Hundreds of King, N.C., residents have held protests and camped out at the city's Central Park for nearly two months after city officials were pressured into removing a Christian flag from the park's Veterans Memorial.
Since September, King city veterans have taken 24-hour shifts to protect a replacement flag in Central Park and a statue of a soldier kneeling before a cross after city officials removed the original flag in August. City officials cited financial costs as the reason for the flag's removal after it received complaints from the American Civil Liberties Union, in conjunction with Americans United for the Separation of Church and State.
Earlier this month, roughly 500 King residents packed a school gymnasium to meet with city council members and to protest the removal of the original flag, which had been up for roughly six years. Residents encouraged the city to "stand up" against the ACLU.
City officials, however, said they could anticipate a lawsuit if the city continued to finance the flag. A legal battle with the ACLU might cost between $200,000 and $300,000 and the city said it cannot afford to bear those costs.
"The ACLU would bankrupt the city of King and if there was a court case, we could not pay it," a city official said at the meeting.
The letters from ACLU and AU were sent after the council received an anonymous call in August complaining about the flag. The King City Council, at the time, voted against removing the flag.
The North Carolina chapters of the ACLU and AU, in response, took up the cause of the caller, believed to be a veteran of the Afghanistan war, sending letters urging the council to remove the flag.
"We don't have any concerns with the veterans groups displaying the flag," said Katy Parker, the legal director of ACLU's local chapter. "We were concerned when the city was sponsoring the Christian flag."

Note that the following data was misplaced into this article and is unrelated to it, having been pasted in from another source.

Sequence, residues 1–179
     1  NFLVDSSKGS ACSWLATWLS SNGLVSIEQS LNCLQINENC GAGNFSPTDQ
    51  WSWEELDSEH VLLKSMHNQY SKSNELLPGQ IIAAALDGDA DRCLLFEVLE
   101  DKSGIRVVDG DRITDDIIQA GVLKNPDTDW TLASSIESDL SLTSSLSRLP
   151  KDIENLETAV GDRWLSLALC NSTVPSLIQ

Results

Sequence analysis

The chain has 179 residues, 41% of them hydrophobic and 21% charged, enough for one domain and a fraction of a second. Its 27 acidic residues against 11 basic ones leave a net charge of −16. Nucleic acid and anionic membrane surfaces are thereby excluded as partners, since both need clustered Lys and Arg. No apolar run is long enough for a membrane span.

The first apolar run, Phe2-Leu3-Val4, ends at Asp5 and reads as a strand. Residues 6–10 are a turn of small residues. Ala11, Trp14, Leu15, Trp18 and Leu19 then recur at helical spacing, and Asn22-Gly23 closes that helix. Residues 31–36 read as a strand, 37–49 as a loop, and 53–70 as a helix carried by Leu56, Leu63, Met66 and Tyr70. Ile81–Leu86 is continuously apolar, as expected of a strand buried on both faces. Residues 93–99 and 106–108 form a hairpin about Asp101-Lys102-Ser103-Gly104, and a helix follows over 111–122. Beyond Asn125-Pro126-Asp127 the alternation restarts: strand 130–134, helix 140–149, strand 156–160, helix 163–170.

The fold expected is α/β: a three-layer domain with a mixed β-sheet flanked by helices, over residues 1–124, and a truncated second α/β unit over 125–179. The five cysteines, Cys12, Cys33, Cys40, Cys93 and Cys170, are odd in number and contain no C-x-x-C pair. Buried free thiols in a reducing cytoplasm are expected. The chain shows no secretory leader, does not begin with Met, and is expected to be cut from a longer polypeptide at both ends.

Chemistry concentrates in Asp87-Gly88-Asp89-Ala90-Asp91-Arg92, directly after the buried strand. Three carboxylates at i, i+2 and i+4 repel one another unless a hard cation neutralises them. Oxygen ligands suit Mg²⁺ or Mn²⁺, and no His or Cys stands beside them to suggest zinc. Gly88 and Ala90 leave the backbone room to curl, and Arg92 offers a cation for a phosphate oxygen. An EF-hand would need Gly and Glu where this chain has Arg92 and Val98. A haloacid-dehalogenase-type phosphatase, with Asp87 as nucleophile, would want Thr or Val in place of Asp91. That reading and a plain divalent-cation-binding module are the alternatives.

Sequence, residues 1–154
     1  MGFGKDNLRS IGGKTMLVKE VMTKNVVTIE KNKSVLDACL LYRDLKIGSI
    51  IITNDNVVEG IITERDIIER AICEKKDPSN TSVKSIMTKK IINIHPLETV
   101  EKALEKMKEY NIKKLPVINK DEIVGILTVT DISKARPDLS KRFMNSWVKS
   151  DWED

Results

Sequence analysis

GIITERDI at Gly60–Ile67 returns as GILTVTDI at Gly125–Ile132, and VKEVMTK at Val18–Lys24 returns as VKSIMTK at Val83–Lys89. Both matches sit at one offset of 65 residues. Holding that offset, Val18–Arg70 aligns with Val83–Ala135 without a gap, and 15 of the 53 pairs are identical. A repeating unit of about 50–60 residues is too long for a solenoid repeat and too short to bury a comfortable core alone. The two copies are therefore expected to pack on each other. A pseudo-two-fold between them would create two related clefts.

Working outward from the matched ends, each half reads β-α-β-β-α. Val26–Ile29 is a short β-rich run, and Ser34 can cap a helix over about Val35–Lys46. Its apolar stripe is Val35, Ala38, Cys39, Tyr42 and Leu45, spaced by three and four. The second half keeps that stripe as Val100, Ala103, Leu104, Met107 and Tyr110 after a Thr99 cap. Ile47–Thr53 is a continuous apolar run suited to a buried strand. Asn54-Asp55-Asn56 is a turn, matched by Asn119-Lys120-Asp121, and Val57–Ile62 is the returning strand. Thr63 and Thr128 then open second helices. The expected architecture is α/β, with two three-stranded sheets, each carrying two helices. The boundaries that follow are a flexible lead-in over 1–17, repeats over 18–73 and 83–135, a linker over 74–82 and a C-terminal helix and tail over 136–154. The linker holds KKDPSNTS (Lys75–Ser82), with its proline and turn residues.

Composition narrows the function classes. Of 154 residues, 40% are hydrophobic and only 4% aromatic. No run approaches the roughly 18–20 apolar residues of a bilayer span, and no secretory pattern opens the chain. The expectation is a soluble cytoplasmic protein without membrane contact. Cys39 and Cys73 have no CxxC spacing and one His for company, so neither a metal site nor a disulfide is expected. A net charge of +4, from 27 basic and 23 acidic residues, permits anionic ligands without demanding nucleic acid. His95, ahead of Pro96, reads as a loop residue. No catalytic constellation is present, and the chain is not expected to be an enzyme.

AU Communications Associate Sandhya Bathija, meanwhile, argued against the appropriateness of a Christian flag when the United States is not a Christian nation.
"Many Americans seem to be confused and believe that because majority of Americans are Christians that means the United States is a Christian nation," Bathija wrote on the organization's website.
"Many seem to think that the majority should be able to vote and take away the rights of the minority. That's simply not how it works," Bathija added.
The flag's removal ignited an uprising of community members, who put their own Christian flag at the memorial near to where the original once waved. Supporters have also been hanging Christian flags in home windows, store fronts, and on cars. On Saturday, residents carrying Christian and American flags marched through town on Main Street to the memorial wall where a bare flag pole stood among seven other with flags still flying high.
Veterans including Ray Martini, who served in Vietnam, have pitched tents at the memorial to guard the new flag while others bring the supporters home-cooked meals.
"This monument stands on hallowed ground," Martini told National Public Radio. "It kills me when I think people want to essentially desecrate it."
Supporters also fear a statue depicting a cross may also in danger of removal. However, the statue was not mentioned in either organization's letters.
The Christian Flag was first conceived in New York in 1897. Sunday School Superintendent Charles Overton later redesigned and promoted the flag. The current one is a white with a blue square in the upper left hand corner. Inside the square is a red cross.